Slots Audio-visuals Study Reveals Interesting Findings

By Ben Hamill - November 05 2018
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A new study published last week has revealed that the bright flashing lights and catchy electronic sounds that emanate from electronic gambling machines (EGMs) – also known as slot machines or pokies – could prompt players to take more risks in-game. This was also found to significantly increase the addictive potential of these machines.

Researchers from the University of British Columbia (UBC) have revealed that people are more inclined to make risky choices, and also to fail to interpret details about their chances of winning, when exposed to ‘sensory cues’ like colourful flashing lights and catchy sound effects. The situation grows even more complex when these sensory cues are associated with past wins.

Commenting on this, the study’s lead author Maria Cherkasova noted that her team found that a player’s choices were less steered by their odds of winning when casino-like audio and visual features were presented to them in the team’s lab-based gambling game.

Animal Studies Confirm the Links

Before this study was revealed, some animal studies also showed that specialized sounds and blinking lights that are accompanied by a reward lead to riskier decisions in the long run. Now, the pioneering study by UBC demonstrated that classic conditioning could also be applied to humans through mechanisms like the aforementioned sensory cues.

More than 100 adults participated in the study, playing gambling games in the scientists’ labs and being exposed to catchy electronic tunes and flashing lights that were designed to increase their desire to play. The results revealed that these audio-visual features could directly influence players’ decision-making abilities when playing on any EGM terminals.

EGMs, also known as slots, pair sensory cues with rewards to keep customers playing. Throughout the study, the UBC researchers developed a model combining the main principles of two kinds of psychological conditioning.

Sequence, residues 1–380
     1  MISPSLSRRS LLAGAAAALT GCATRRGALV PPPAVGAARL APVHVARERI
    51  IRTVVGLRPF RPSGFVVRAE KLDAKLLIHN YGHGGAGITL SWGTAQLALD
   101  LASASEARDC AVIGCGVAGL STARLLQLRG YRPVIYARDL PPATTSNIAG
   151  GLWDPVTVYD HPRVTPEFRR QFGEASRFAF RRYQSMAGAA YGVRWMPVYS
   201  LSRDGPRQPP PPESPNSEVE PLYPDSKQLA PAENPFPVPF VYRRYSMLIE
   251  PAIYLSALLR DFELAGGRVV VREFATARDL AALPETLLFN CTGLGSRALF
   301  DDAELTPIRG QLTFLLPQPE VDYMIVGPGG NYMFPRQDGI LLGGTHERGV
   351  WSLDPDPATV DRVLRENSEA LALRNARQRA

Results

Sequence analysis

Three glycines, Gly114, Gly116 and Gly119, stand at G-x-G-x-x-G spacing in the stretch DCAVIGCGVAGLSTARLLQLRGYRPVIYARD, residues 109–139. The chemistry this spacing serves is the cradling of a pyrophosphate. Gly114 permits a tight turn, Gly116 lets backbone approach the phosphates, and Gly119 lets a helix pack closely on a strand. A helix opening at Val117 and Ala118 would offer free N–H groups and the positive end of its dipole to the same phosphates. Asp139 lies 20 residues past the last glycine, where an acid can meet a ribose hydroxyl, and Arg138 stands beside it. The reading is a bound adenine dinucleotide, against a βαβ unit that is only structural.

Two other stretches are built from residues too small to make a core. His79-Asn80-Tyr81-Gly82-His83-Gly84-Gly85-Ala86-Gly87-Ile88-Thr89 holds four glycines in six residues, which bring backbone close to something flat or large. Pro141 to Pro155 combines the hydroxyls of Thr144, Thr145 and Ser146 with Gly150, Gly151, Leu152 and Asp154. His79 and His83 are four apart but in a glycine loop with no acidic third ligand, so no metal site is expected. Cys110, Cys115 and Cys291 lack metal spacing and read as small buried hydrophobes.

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Two Forms of Conditioning at Work

First, as mentioned above, there was classic conditioning, which is tied to observing the cues. On the other hand was operant conditioning, which focuses on the reward that a game offers in exchange for playing. The results of the combination of these two principles were examined by the scientists, especially in terms of how they target the brain’s reward system.

Aside from the sensory cue analysis, the study also looked at the so-called problem of ‘losses disguised as wins’. As the lead authors of the study revealed, these occur when an EGM player wagers on multiple lines on any given machine. This gives a player a chance to gain a reward, although it is actually smaller than the amount they wagered.

The results of the study revealed that a stimulus such as ‘losses disguised as wins’ could give players a false impression of how much they are winning, leading them to overestimate their winnings and underestimate their losses as they continue to bet on the machine.

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